Guild-Made Hoagie Sale Raises $1,173


A ham and cheese submarine sandwich sale by the Women’s Guild on March 13 netted $1,173.45 to go toward the new sound system.


The guild sold 313 hoagies and made $10 on the sale of extra ham. Starting at 6 a.m. volunteers, including several men, assembled the sandwiches in the church basement, using ingredients supplied by Saxton Foodliner. The 12-inch subs were available for pick-up before 8 a.m. They sold for $7 each.



Matthew Lunardini Now In Army Basic Training


Matthew Lunardini entered basic training for Army Military Police on March 12 at Ft. Leonard Wood, Missouri.


He is the stepson of Christina Lunardini, who is in the Army. Christina is the daughter of Deborah Bowser of St. John’s.

chancel 1950.jpg

   This photo of the chancel area in St. John’s sanctuary was taken on Easter in 1950. The chancel was remodeled shortly after that and new furnishings were built. Only the ministers’ chairs, the choir chairs and the hymn board remain in use. An end of one of the earlier pews shows at the bottom left, and one of the earlier ceiling lights shows at the top left. The piano was moved to the basement and later given to David Snyder, replacing his piano, which was ruined by a flood in 1996.

Local Ladies Attend Chestnut Ridge Conf.


Deb Bowser, Brenda Colyer, Mava Cottle, Jeanne Detwiler, Connie Ochoa, Peggy Ritchey, Beverly Smith, Sandy Styer, Barb Thomas, Peg Wachter, and guests LouAnn Kurtz and Peg Crawford, attended the Chestnut Ridge Independent Fellowship Church’s fourth annual Women's Conference on March 16. Myra Whysong-Krentz from Mt. Zion Reformed Church in Pavia joined the Loysburg group for the day's activities. (All 13 of us won door prizes!)


The theme for the day was HOPE. The host church choir sang “Hope Was Born This Night.” Joyful Noise, a contemporary Christian group from Martinsburg Brethren in Christ Church, led several sessions of worship, praise and prayer. Several St. John's ladies led an ice breaker session planned by Barb Thomas.


Cyndi (Foor) Bulger of Everett, founder of “Women to Women” ministry in 1993, began the morning sessions speaking about an experience in her life with depression and self-pity. Using many scripture verses such as Psalm 34:18, 2 Cor. 1:3-4, and Psalm 43:5, she assured us that God hears every pray, every cry for help, and sees every tear that falls. “Our Hope is in YOU Lord” was recited over and over by the ladies, prompted by Cyndi.


Cyndi used the text from Mark 5 of the woman who touched Jesus' robe to teach of His compassion and power to heal. “What has you bleeding?” she asked. “Illness, unsettled matters, relationships, financial burdens? Hope and faith go hand in hand.” She shared that she had times when her life looked like a train wreck. God showed her He loves a good train wreck! That is a great time for God to show how powerful, big, amazing and miraculous He is!


Carol Deremer was the afternoon sessions leader. First she masterfully explained Psalm 23 verse by verse, making a personal connection between sheep and people; a shepherd and the Lord. “Draw nearer to the Good Shepherd, be still and listen to His voice; be guided in His Word,” she continued. “Our struggle is not against people but Satan, and God's table is over-flowing,” are some of the many lessons learned in Psalm 23. Carol's second session was called “Is Your Ticket Good?” inspired by a recent visit to her daughter in Gatlinburg, Tenn., when they were denied entrance to a dinner show because their tickets weren't for the correct dates. Carol asked how many are living in fear and insecurity concerning their eternal future. A teacher at the Greer School for Girls in Tyrone, Carol says recent surveys find that this generation is the first that does believe the future will be better. Hebrews 6 talks of the hope in God's promise to Abraham, made possible to all believers through Jesus. Carol encouraged us to not be sluggish (Hebrews 6:12) but stay diligent and faithful. We have this hope as an anchor for the soul, firm and secure. (Hebrews 6:19)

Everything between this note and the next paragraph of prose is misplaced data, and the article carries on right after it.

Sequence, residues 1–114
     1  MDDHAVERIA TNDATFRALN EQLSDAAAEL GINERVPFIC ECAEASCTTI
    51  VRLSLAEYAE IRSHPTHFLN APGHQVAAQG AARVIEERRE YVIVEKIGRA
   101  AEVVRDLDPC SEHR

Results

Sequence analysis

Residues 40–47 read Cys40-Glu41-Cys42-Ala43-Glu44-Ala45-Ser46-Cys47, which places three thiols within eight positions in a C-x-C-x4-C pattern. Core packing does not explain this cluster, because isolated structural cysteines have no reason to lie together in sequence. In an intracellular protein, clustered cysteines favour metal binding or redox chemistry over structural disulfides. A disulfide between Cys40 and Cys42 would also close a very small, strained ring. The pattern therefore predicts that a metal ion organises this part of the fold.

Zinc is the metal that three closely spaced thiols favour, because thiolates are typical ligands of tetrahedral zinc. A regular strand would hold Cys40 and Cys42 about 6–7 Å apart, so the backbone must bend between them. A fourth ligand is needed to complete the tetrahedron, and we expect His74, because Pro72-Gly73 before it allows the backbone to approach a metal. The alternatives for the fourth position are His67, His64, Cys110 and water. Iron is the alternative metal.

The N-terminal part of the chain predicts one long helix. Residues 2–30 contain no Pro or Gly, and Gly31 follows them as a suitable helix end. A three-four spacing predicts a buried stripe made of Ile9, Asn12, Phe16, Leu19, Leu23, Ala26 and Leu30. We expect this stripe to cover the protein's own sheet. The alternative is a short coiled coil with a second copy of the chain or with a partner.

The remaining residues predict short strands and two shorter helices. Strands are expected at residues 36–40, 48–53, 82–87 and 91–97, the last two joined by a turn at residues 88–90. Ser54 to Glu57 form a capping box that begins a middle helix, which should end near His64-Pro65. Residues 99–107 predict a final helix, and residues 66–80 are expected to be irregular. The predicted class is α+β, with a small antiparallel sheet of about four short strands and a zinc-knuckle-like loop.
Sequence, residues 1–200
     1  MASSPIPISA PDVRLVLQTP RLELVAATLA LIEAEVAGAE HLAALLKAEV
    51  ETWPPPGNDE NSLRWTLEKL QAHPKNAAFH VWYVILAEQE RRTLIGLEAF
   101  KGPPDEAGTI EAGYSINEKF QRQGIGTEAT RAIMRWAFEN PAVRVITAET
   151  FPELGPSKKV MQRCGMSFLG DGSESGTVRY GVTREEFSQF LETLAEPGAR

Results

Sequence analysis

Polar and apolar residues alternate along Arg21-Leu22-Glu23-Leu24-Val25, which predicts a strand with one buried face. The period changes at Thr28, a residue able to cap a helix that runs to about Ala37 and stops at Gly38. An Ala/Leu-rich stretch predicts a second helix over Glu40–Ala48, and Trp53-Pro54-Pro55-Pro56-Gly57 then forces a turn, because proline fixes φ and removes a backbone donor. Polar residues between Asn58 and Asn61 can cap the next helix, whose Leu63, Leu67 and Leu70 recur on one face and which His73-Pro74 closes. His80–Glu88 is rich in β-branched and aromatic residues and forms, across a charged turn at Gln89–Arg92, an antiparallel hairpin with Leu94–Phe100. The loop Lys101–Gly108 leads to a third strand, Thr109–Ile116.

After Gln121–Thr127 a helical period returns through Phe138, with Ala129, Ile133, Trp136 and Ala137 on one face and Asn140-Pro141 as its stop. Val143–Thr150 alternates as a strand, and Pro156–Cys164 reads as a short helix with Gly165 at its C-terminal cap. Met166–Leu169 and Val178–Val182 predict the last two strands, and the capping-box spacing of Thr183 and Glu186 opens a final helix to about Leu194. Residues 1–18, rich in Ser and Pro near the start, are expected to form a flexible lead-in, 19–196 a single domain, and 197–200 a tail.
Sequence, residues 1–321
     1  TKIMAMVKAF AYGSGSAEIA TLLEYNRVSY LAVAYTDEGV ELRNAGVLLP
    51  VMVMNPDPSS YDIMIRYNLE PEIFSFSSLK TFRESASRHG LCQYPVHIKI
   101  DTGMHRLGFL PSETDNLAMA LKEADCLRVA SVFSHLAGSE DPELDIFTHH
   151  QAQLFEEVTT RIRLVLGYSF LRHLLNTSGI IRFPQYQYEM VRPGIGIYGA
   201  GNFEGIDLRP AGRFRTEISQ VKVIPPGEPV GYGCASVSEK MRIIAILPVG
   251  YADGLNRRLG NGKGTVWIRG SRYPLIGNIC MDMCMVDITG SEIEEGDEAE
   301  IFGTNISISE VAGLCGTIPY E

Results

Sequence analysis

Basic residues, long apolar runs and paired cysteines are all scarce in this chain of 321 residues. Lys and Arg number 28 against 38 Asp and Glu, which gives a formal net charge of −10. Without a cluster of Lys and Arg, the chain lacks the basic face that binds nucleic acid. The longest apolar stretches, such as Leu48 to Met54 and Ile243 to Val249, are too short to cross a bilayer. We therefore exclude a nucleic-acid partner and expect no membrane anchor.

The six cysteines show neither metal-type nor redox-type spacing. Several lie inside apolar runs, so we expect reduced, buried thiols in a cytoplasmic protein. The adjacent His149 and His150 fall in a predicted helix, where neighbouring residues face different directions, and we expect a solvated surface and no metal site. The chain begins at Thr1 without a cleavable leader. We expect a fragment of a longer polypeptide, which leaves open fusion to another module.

Susie Mickle co-ordinated the event with Carol. Brenda Colyer assisted the ladies in two skits and in the second one she played a lead role! Each lady attending received a bag with an anchor stamped on the front to symbolize HOPE, and it was filled with goodies from the host church which were explained to us by Patty Larson and Kathy Dull. We had a delicious breakfast of juice, fruit, oatmeal and baked goods, and a wonderful buffet of soups, sandwich makings, veggies, dips and cookies for lunch. It was a lovely and hope-filled day!

--Respectfully submitted by Barb Thomas

Who We Are

This month’s Jottings features Clay and Dottie Hull of New Enterprise. Each month one family, couple or individual from St. John’s is asked to write about themselves in the newsletter so that we all may get to know each other better.

Clay Hull was born 94 years ago in his childhood home, just steps away from the home he has shared with Dottie during their 60-year marriage. A graduate of Replogle High School, Clay was active in the chorus and played snare drum in the band. Clay played in the Fishertown Band for 22 years. Later, he taught himself harmonica, which he still plays in church. And, he loves to whistle.


After graduation, he worked on the family farm and did custom work for other local farmers as well. He remained active in the Senior Extension Club in Bedford (a group for Bedford County young people); and he also has stayed active in the Cove Lions Club, the Southern Cove Fire Company, and his church choir.